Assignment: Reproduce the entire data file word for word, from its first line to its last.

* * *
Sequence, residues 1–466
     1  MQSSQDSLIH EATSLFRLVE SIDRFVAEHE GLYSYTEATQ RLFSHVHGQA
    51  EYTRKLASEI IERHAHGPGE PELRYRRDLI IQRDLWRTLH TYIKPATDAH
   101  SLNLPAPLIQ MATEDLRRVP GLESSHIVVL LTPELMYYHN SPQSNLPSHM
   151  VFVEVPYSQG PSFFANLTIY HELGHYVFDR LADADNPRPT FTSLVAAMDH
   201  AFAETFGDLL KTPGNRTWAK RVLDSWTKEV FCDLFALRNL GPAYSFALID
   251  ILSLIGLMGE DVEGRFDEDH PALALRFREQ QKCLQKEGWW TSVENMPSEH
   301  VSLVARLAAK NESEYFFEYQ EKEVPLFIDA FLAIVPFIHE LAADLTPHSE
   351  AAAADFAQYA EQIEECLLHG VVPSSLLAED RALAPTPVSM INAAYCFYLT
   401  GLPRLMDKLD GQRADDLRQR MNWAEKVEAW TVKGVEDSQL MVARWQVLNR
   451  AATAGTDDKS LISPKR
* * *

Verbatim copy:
Sequence, residues 1–466
     1  MQSSQDSLIH EATSLFRLVE SIDRFVAEHE GLYSYTEATQ RLFSHVHGQA
    51  EYTRKLASEI IERHAHGPGE PELRYRRDLI IQRDLWRTLH TYIKPATDAH
   101  SLNLPAPLIQ MATEDLRRVP GLESSHIVVL LTPELMYYHN SPQSNLPSHM
   151  VFVEVPYSQG PSFFANLTIY HELGHYVFDR LADADNPRPT FTSLVAAMDH
   201  AFAETFGDLL KTPGNRTWAK RVLDSWTKEV FCDLFALRNL GPAYSFALID
   251  ILSLIGLMGE DVEGRFDEDH PALALRFREQ QKCLQKEGWW TSVENMPSEH
   301  VSLVARLAAK NESEYFFEYQ EKEVPLFIDA FLAIVPFIHE LAADLTPHSE
   351  AAAADFAQYA EQIEECLLHG VVPSSLLAED RALAPTPVSM INAAYCFYLT
   401  GLPRLMDKLD GQRADDLRQR MNWAEKVEAW TVKGVEDSQL MVARWQVLNR
   451  AATAGTDDKS LISPKR